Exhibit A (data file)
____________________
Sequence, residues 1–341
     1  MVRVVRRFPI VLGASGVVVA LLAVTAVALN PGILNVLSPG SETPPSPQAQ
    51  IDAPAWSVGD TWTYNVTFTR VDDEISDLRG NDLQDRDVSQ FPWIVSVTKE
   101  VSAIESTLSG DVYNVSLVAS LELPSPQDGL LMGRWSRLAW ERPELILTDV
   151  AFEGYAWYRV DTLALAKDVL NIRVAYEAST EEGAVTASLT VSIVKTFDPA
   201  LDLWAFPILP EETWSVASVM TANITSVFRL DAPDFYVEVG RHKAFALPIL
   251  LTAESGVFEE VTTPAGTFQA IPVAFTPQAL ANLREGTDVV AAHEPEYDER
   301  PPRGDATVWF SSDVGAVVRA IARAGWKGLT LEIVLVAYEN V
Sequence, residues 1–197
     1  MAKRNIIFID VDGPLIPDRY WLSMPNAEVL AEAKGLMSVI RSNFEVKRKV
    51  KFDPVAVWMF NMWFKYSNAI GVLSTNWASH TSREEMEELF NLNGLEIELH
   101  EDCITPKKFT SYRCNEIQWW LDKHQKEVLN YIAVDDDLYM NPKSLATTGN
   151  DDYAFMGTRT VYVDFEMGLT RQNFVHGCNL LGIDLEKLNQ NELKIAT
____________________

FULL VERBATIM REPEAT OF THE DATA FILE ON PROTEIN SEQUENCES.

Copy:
Sequence, residues 1–341
     1  MVRVVRRFPI VLGASGVVVA LLAVTAVALN PGILNVLSPG SETPPSPQAQ
    51  IDAPAWSVGD TWTYNVTFTR VDDEISDLRG NDLQDRDVSQ FPWIVSVTKE
   101  VSAIESTLSG DVYNVSLVAS LELPSPQDGL LMGRWSRLAW ERPELILTDV
   151  AFEGYAWYRV DTLALAKDVL NIRVAYEAST EEGAVTASLT VSIVKTFDPA
   201  LDLWAFPILP EETWSVASVM TANITSVFRL DAPDFYVEVG RHKAFALPIL
   251  LTAESGVFEE VTTPAGTFQA IPVAFTPQAL ANLREGTDVV AAHEPEYDER
   301  PPRGDATVWF SSDVGAVVRA IARAGWKGLT LEIVLVAYEN V
Sequence, residues 1–197
     1  MAKRNIIFID VDGPLIPDRY WLSMPNAEVL AEAKGLMSVI RSNFEVKRKV
    51  KFDPVAVWMF NMWFKYSNAI GVLSTNWASH TSREEMEELF NLNGLEIELH
   101  EDCITPKKFT SYRCNEIQWW LDKHQKEVLN YIAVDDDLYM NPKSLATTGN
   151  DDYAFMGTRT VYVDFEMGLT RQNFVHGCNL LGIDLEKLNQ NELKIAT